week8- unload, drop volume and intensity
    week9-11- beging introducint more plyometrics/strength at maintenance
    week12- lower volume
    week13-14- increase volume again/strength at maintenance
    week15- lower volume and maintain intensity
    week16- test new vertical jump PR
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  8. #8
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    Thanks P-funk, I'll do it.


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    Quote Originally Posted by DOMS
    Thanks P-funk, I'll do it.

    no problem. you can make is shorter too, like less weeks. But, you really want to take the time and let this stuff build up.

    Also, you are going to have periods where you are going to be testing your vert through out the program so it isn't like you are going to go 16 weeks without testing it.
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  10. #10
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    Quote Originally Posted by P-funk
    no problem. you can make is shorter too, like less weeks. But, you really want to take the time and let this stuff build up.

    Also, you are going to have periods where you are going to be testing your vert through out the program so it isn't like you are going to go 16 weeks without testing it.
    I've got no problem with a 16 week routine. I'm in this for the long haul.

    I'll also be doing quite a bit of running. Not HIIT or anything like that, just simple running. There's nothing that I've read so far that indicates that cardio has any real negative affect on a strength oriented leg routine. Plus, there are so benefits to be had from running that you just can't get from bodybuilding. Is this sound reasoning?

    I figured I'd test every four weeks.


  11. #11
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    Once you get to a squat about 1.75x your BW, you can add some low level plyometrics in to work on the SSC. Keep volume very low, and stick with stuff similar to your vertical at first. Just by learning jump technique you could probably add 2-3 inches on your vertical. Also, work on Depth drops from various heights, focusing on eccentrically stopping the downward force as quickly as possible. When you are close to 2x your bodyweight, depth jumps will improve your speed between eccentric/concentric phases enabling more power. Learning the oly lifts can't hurt either, there is a strong correlation with their use and improved vertical height.

    Once you are looking for something more functional than your vertical (Few people are given as optimal conditions as standing directly under a vertec or Bball rim), work on higher level plyos.

    If I were to rate a progression, this is how I would do it, ie. how you should periodize.

    Limit Strength>Speed Strength>Power

    Now, I do not agree with this at all, but apparently it takes a large length of time for your limit strength to drop siginificantly with no training. So, rather than train just one in each period, what you will do is make it a focus. So you will train all 3 to some degree in each cycle, but the focus will be on only 1. So, you will have low volume, low intensity plyos in the first cycle as well as some speed strength work, but those volumes will not ramp up until their particular phases. Don't just change on the fly either, gradually work the volume of power/speed strength up, and slowly drop volume of limit strength, and I would leave intensity very close, probably even undulate around 80% for the strength work. HIT is good for maintaining strength so you may even be very close to that neqar the end for limit strength work. Intensity of the plyos will increase, but you will reach some point where too much, too hard will be too much, just make sure that when you see a significant drop in performance, the plyos end for that day.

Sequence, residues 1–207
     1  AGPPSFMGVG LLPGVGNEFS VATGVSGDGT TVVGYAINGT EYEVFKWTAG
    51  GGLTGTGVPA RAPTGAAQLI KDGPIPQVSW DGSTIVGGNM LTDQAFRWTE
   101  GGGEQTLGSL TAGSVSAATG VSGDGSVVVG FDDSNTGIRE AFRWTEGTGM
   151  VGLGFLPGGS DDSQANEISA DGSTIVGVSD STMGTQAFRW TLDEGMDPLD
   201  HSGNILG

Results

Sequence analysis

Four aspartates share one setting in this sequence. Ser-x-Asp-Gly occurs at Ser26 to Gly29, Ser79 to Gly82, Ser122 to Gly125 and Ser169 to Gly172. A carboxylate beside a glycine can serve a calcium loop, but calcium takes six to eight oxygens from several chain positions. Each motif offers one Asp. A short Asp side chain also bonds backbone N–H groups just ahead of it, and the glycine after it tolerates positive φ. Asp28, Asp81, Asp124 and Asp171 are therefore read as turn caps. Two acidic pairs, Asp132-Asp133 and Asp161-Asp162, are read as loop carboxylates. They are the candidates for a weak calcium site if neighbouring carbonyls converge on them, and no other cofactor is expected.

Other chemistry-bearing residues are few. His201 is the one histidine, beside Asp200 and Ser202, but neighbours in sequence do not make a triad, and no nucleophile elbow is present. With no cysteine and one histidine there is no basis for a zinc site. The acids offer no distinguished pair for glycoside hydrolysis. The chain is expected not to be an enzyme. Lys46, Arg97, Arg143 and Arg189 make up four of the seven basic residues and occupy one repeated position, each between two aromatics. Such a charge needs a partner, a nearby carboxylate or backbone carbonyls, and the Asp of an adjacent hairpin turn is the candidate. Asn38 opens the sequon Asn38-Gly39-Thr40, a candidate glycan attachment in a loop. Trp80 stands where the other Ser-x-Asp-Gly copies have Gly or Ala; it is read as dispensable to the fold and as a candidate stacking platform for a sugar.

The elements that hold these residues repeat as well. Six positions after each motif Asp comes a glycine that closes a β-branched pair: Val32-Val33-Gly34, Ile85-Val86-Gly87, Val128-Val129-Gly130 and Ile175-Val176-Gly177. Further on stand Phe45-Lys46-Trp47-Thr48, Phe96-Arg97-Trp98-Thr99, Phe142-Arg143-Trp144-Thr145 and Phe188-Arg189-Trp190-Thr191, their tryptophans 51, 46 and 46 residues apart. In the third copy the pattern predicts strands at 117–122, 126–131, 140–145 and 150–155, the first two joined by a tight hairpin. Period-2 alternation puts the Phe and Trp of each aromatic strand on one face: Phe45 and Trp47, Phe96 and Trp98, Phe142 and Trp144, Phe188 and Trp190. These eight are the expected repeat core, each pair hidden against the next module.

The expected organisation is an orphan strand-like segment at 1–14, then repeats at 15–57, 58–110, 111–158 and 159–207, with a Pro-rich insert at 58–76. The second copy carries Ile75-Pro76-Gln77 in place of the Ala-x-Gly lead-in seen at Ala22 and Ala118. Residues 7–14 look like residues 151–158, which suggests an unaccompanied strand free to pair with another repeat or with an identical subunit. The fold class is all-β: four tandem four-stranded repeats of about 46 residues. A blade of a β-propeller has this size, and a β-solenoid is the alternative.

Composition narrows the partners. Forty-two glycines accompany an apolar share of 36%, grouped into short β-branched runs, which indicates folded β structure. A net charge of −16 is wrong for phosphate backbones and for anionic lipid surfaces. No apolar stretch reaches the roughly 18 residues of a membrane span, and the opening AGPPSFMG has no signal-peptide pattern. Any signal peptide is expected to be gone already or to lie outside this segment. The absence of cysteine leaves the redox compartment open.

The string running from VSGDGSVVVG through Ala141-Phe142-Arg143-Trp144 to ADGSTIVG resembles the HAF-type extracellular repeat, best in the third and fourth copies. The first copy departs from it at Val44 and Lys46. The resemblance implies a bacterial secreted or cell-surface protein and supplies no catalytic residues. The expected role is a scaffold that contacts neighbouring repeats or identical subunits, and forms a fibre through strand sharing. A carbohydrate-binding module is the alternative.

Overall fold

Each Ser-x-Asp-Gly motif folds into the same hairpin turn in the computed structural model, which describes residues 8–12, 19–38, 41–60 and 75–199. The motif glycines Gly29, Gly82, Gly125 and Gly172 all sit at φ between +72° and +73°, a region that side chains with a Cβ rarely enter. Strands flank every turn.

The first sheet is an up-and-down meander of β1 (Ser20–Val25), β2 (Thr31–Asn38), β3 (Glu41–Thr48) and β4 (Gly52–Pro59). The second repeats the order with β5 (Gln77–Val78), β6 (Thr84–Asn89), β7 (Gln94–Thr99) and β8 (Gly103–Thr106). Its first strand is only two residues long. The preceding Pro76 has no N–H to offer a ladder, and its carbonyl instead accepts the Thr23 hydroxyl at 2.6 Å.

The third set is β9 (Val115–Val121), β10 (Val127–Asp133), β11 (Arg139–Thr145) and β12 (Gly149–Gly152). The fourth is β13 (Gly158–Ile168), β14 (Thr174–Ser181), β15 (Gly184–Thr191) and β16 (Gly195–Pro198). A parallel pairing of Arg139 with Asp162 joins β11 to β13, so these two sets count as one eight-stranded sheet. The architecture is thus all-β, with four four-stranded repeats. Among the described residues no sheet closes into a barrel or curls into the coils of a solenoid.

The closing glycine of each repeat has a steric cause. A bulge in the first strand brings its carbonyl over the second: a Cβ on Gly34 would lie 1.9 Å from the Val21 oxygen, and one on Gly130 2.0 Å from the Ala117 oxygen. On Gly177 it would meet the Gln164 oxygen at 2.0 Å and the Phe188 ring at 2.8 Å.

I know this is all a bit down the road, but some like to know exactly where they are going and you strike me as that type.

    Oh, BTW, I would certainly add sprinting rather than slow ass runs since it is more explosive/plyometric in nature.
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  12. #12
    Patrick
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    I would add the low2 level plyos from the get go. Everyone can benefit from some low level reactive training. Plus, it will teach you how to jump and help you learn proper technique. so it may be like

    week1-3- technique jump...single response hops
    week4- lower volume
    week5-7- low level box jumping, single leg hops
    week8- unload
    week9-11- high level box jumps (this is your concentrated block of power training)....explosive movements.
    week12- lower volume
    week13-14- begin depth jumps
    week15- lower volume
    week16- test.

    the low level stuff in weeks 1-8 will all be done against the back drop of high intensity strength work...lots of squatting. the bill starr 5x5 routine or a version of it would be great for this.

    week 9-15 are going to be higer level plyos and your concentrated block of power against the back drop of the strength that you aquired in the first 8 weeks. This is where the skill transfer comes into play.



    This is just an idea though. I don't know that you will be ready to do al those high intense plyos or even be ready for depth jumping. this is just a brainstorm as I don't know where you are at currenty.

    but, just working on your strength and jump technique will give you great results anyway since it is something totally new.